dancing pilgrims

Historically, I have HATED the process of discernment. Why? Because it has a profound prerequisite: self-love, which requires self-knowledge which, in itself, reveals a second, foundational prerequisite: wisdom. As an often-confused adoptee, such golden gifts weren’t always forthcoming, especially when I was younger.

A common characteristic of adoptees is fear of rejection. One would think this to be self-evident since rejection, at least in broad terms, is what we have experienced even in utero. Although that probably overstates it a bit, people like me have a terrible time in the decision-making process because it includes elements that are not in our wheelhouse. For example, intentionality, which presupposes determination, which presupposes confidence, which presupposes freedom, which presupposes a general sense of acceptance, which presupposes a universe more or less benevolent, which presupposes…well, you get my point.

This process gets ramped up exponentially early in our lives when, perhaps at college, we’re not only trying to figure out where God would have us, but also what it is we are to be about, who we are as people and with whom we are to spend our lives, if anyone. Too much unthinking advice gets bandied about in times like these. One’s friends, equally confused, tell us, “take care lest you find yourself outside the ‘perfect will of God.’” Great, let’s add some guilt along with the fear already in the mix! Worse still are the mating rituals to which we were all to prescribe. They were often rituals designed to actually keep us from really getting to know ourselves let alone another human being since they, too, are built on suspicion, regret, fear and…more fear. Faith as one big ‘what if?’ or ‘should I?’

Well, I am not about to singlehandedly untie the God’s-will enigma in a simple blog post. However, allow me at least to share three gifts of great worth that have helped remove my fear of discernment.

First, as a guy now 50 years old, I have some history of decision-making. All I can say is, God’s got this. My worst decisions, ever, seem to have been redeemed quite nicely in the hands of a loving and particularly creative God. This pares down decisions not to right and wrong but good and better.

Second, it’s not just up to me. The next time some misguided but well-meaning soul comes up to you and says, “I just really feel God told me…,” let your response be, “Interesting. And to who else has God told this?” God speaks to us in community. We can get impressions and experience joy or caution, but it will be through others that the stick of God’s will gets sharpened to a finer point.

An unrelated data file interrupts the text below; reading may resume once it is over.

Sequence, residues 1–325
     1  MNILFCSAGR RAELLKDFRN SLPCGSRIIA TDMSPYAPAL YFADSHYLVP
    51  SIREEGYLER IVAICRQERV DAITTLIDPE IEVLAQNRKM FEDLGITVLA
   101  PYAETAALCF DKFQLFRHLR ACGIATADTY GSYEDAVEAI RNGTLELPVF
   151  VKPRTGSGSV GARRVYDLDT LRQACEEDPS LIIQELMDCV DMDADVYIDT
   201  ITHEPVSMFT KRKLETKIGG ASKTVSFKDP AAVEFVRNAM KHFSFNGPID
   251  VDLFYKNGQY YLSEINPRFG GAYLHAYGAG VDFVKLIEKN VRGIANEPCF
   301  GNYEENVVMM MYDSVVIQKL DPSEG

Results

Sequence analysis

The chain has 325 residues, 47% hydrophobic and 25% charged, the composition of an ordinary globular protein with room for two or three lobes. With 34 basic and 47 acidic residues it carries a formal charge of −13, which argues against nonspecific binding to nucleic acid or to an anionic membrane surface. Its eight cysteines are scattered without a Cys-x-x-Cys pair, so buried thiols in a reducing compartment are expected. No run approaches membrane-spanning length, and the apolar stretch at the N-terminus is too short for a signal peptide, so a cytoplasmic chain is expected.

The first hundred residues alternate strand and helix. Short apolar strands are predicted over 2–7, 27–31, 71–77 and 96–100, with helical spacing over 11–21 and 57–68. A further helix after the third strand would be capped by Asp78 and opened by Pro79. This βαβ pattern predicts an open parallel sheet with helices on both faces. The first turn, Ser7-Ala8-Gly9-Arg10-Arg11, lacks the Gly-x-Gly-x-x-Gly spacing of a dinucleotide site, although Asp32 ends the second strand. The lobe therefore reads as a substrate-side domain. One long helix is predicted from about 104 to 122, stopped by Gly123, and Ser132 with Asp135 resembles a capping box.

Finally, avoid a theology that dictates God’s will as the head of a pin stuck in the center of a bull’s eye viewable from a full moon while facing east on Tuesday afternoons in a leap-year November. Such is not a theology at all but a control mechanism built on fear. If all is grace, then so is our process of discernment.

bull's eye

In the economy of God we do not trip blindly into that dark night. We dance blithely in the arms of a particularly good dancer, unafraid to take the lead and with whom every spin is ultimately in the “right” direction. So dance away, little pilgrim!

With you on the journey, RAR

_______________________________

What is your greatest fear related to the will of God?

How are you engaging God in community to best discern God’s present and future for you?

Pray this: “Lord of all the universe, my past, present and future are cupped in the palm of your eternal hand. Help me to face them all with courage and confidence, recognizing that you are benevolent and strong and will never leave me to face any of it alone. Lord, since you redeem all my “mistakes” I can relax and simply dance with you in peace and unspeakable joy. Through Jesus, the one leading me on this dance floor…Amen.”

Dancers pic found here, bull’s eye pic found here

 

 

The following two tabs change content below.

Robert Alan Rife

Robert Rife, M.A., minister of worship and music for Yakima Covenant Church (formerly Westminster Presbyterian) in Yakima, Washington, is a self-proclaimed book-nerd-word-herder, multi-instrumentalist (including Highland Bagpipes!), singer-songwriter, studio musician, choral director, poet, and liturgist. He maintains two personal blogs: Innerwoven and Robslitbits. He also blogs at Conversations Journal. Robert describes his vocation as exploring those places where life, liturgy, theology, and the arts intersect with and promote spiritual formation.

Latest posts by Robert Alan Rife (see all)